What is a template?

Templates are HTML files including CSS and JavaScript, with Handlebars tags.

As Handlebars is quite simple, writing templates is really easy.

If you don't know Handlebars, you should read the documentation, as it is the base of Vegetables template writing.

A template is used as a frame to include your content. And you can create your own frames!


Get started

The first thing to do is to create a new template folder, wherever you want.

To start, a good way to develop a new template is to put it in the documents folder, in order to take advantage of automatic regeneration feature of the preview mode when it is modified.

Clearly, create a new folder named template in your Markdown documents folder, type vegetables serve, open your Web browser, update the template, refresh in your browser, and continue.

Define a different path

It is possible to provide a template path in the CLI parameters, or in the configuration file.

When the template path is not provided, the template folder in the Markdown documents folder is used.

If it does not exist, the default template provided with Vegetables is used.

Template files

Default template

The default template must be named template.html.

It contains whatever your want.

A basic example:

        <title>{{title}} - {{globalTitle}}</title>
        <!-- page title -->
        <h1>{{{globalTitle}}} - {{{title}}}</h1>

        <!-- menu -->
            <li><a href="{{{../baseUri}}}{{uri}}">{{label}}</a></li>

        <!-- the content transformed as HTML -->

        <!-- enable the auto reload feature -->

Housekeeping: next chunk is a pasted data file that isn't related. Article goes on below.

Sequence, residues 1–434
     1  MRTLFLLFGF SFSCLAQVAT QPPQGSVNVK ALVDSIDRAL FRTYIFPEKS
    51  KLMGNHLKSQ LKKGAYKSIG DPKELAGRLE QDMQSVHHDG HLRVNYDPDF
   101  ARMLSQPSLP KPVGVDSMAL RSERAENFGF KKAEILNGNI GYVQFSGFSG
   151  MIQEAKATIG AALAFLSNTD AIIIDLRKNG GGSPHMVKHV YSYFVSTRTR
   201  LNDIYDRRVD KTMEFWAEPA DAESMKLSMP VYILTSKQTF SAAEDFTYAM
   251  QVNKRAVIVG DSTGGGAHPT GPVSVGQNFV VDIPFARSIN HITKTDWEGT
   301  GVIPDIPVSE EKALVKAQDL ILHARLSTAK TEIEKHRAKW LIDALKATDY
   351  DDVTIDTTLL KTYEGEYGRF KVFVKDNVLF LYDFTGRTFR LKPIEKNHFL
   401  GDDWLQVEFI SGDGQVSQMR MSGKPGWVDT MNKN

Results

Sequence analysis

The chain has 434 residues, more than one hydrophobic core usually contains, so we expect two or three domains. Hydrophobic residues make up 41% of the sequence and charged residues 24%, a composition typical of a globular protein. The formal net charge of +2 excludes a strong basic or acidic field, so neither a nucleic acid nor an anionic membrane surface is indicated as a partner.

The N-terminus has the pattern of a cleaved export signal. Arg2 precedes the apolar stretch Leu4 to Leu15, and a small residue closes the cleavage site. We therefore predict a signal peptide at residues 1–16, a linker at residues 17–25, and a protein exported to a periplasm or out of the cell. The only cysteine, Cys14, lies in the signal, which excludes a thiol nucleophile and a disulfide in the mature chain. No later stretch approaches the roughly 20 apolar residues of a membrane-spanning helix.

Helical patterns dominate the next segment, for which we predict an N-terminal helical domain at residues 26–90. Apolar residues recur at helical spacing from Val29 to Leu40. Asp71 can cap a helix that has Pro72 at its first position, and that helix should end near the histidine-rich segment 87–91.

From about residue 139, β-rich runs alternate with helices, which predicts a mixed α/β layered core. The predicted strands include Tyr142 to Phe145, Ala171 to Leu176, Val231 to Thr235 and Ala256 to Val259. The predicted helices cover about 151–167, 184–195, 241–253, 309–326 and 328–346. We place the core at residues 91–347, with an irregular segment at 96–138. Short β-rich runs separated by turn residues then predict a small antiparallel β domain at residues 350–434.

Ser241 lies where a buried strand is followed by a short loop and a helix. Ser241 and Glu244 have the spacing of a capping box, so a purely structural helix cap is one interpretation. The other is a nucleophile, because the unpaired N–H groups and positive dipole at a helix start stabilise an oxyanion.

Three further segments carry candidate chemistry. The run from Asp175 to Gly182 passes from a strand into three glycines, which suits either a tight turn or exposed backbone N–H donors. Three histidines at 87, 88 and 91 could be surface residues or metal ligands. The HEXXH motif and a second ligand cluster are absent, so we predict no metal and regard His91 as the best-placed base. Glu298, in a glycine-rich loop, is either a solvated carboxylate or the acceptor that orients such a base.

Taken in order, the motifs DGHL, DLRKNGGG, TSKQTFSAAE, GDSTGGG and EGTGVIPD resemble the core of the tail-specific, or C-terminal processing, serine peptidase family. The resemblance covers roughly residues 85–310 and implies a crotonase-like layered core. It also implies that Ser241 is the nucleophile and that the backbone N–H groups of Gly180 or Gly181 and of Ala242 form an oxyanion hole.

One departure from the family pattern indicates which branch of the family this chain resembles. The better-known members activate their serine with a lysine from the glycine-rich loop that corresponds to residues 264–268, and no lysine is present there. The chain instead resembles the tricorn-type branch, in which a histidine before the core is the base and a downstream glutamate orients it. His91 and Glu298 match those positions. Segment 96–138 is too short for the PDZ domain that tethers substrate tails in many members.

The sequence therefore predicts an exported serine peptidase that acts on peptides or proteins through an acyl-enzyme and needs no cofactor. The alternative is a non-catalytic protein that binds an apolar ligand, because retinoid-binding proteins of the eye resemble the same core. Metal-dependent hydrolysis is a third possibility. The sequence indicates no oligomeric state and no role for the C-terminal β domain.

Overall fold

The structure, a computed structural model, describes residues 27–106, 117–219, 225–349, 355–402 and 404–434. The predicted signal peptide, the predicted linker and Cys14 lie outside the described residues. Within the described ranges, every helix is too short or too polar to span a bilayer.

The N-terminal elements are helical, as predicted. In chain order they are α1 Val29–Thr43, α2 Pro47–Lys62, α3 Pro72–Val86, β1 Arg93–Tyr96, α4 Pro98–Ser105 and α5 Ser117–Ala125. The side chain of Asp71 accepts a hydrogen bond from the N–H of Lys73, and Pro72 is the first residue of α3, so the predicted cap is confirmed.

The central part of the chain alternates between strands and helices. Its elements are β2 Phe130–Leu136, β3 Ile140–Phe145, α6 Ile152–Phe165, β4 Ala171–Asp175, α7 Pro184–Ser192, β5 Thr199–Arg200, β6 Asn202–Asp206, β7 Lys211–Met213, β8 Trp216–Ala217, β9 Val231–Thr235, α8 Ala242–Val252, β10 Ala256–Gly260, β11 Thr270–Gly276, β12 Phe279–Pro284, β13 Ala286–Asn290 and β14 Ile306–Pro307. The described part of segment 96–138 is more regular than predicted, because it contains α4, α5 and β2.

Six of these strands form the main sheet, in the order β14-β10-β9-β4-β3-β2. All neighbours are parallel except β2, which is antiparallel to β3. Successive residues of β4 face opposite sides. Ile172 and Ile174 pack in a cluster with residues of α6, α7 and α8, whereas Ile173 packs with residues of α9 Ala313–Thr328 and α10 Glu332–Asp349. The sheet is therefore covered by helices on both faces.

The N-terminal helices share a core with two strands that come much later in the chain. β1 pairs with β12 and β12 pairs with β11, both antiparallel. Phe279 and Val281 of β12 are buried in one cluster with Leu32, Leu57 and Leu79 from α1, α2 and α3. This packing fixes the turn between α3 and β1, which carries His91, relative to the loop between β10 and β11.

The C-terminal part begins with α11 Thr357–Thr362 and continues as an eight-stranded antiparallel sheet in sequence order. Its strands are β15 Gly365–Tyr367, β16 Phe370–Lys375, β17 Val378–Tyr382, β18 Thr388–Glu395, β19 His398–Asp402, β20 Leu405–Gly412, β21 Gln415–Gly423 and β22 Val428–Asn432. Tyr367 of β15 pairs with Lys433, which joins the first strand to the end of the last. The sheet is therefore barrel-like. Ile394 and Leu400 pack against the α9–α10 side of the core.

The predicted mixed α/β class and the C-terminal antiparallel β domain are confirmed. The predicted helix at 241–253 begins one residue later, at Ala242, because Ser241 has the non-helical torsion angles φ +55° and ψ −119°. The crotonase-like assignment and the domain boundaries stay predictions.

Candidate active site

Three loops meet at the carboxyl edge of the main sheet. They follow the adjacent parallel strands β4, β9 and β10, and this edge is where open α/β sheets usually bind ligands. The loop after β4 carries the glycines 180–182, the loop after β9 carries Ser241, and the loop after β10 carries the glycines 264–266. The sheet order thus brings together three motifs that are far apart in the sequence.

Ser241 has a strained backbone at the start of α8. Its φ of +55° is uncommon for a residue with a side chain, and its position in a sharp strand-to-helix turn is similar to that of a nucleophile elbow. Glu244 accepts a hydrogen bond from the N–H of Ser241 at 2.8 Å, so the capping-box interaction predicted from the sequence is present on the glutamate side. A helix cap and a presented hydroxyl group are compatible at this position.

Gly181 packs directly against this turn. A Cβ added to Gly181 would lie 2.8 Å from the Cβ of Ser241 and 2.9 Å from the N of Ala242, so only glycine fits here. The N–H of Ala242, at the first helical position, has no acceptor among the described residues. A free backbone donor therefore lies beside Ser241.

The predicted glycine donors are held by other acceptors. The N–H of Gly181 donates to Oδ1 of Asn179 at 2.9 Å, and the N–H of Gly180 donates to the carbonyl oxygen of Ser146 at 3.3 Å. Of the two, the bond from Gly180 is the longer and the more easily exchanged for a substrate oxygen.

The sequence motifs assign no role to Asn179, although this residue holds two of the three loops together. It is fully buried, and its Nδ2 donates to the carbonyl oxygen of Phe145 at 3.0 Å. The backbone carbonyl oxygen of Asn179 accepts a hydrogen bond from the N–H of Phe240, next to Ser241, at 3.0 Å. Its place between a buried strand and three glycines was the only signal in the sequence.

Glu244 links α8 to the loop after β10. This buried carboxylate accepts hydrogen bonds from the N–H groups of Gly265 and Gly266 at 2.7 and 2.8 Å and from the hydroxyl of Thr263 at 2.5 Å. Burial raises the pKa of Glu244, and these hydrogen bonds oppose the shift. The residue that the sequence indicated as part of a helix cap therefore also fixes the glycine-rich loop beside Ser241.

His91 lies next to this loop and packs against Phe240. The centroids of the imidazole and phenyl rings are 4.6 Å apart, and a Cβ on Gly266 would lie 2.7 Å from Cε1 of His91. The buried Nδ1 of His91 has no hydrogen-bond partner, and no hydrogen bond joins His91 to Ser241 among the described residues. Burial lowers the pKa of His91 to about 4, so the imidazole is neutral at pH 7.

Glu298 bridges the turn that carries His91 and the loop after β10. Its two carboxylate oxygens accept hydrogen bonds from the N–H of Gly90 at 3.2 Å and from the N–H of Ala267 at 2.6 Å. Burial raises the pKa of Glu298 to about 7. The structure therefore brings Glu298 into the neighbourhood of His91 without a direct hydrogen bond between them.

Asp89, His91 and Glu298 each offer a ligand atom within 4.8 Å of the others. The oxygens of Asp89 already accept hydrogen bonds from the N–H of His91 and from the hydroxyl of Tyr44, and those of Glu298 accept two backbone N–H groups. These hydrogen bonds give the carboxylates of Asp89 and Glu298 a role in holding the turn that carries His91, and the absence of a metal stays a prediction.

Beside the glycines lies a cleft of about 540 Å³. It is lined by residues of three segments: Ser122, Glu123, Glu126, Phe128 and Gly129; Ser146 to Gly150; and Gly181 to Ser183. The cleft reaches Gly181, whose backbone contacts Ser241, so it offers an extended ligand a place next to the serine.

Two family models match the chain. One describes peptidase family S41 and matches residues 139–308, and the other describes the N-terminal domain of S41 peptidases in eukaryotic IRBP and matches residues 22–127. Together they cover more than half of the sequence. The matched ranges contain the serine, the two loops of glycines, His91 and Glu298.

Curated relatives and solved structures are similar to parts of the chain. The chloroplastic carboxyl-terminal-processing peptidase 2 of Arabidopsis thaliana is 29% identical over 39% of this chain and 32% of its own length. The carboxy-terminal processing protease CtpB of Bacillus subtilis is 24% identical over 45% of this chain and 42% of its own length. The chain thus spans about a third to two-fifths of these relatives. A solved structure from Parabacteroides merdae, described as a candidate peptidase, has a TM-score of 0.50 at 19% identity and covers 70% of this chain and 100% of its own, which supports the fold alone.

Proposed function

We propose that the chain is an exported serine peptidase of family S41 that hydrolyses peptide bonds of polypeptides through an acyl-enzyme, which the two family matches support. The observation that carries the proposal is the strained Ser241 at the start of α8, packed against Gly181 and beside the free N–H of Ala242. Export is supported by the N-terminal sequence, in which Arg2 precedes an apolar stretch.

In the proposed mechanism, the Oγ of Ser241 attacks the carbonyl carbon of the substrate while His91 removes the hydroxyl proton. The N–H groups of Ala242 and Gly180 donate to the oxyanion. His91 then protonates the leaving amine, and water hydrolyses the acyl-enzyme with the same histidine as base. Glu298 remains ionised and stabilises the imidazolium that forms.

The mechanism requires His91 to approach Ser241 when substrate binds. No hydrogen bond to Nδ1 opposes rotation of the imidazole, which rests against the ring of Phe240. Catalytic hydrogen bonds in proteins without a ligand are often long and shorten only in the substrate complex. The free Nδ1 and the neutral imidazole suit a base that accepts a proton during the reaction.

This template is simple, it provides the minimum HTML to display a Web page.

Some explanations

This template contains some Handlebars tags:

  • {{title}} - {{globalTitle}} in the <title> to display the page title
  • nearly the same as <h1>
  • the <ul> part displays a menu, with the menu tag. The starting # of {{#menu}} means that a loop must be performed on this list
  • the Markdown content transformed as HTML is inserted thanks to {{{content}}}

Of course, you can add CSS, JavaScript, pictures, ...

The generated file name is the Markdown document name, with the extension changed as .html. For example, my-document.md is transformed as my-document.html in the generation folder.
By default, README.md (and home.md) is renamed as index.html.

Other formats

You can define many formats for the same Markdown documents, for example an HTML page, a slideshow, ...

To add a format, simply add a new template file, like the default one, and name it: template-<format name>.html, for example: template-slideshow.html.

The syntax is exactly the same as for the default template.

Generated files name contains the format name, for example my-document.md becomes my-document-slideshow.html.


For each Markdown document, it is possible to define a layout, i.e. a specific template, with its own style and its own formats.

To add a layout, create a new file, with exactly the same method as the template file, but with a specific name: layout-<the layout name>.html.

For example: layout-homepage.html.

Then, to use this layout, declare it to the concerned Markdown documents, like explained in the configuration page.

Like with the default template, it is possible to create many formats for layouts, for example, a slideshow specific to the homepage: layout-homepage-slideshow.html.


Of course, you can add JavaScript and CSS files to enhance the content rendering.

In this case, you should add the baseUri tag to prevent from problems when accessing from a sub folder.

<link rel="stylesheet" href="{{{baseUri}}}assets/css/main.css">

For example, when folder1/my-document.md is transformed as folder1/my-document.html, this line is automatically translated as:

<link rel="stylesheet" href="../assets/css/main.css">

Local assets, i.e. pictures, CSS and JavaScript files, must be located in the assets folder in the template folder.